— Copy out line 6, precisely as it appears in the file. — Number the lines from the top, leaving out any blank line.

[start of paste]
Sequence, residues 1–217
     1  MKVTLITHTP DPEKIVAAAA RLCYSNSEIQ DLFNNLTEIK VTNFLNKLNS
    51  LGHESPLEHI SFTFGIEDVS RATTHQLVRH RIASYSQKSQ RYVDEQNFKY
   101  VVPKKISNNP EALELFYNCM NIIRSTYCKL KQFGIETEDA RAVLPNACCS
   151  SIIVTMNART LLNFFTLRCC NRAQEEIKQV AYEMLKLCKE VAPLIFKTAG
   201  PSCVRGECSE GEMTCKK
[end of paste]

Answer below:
   201  PSCVRGECSE GEMTCKK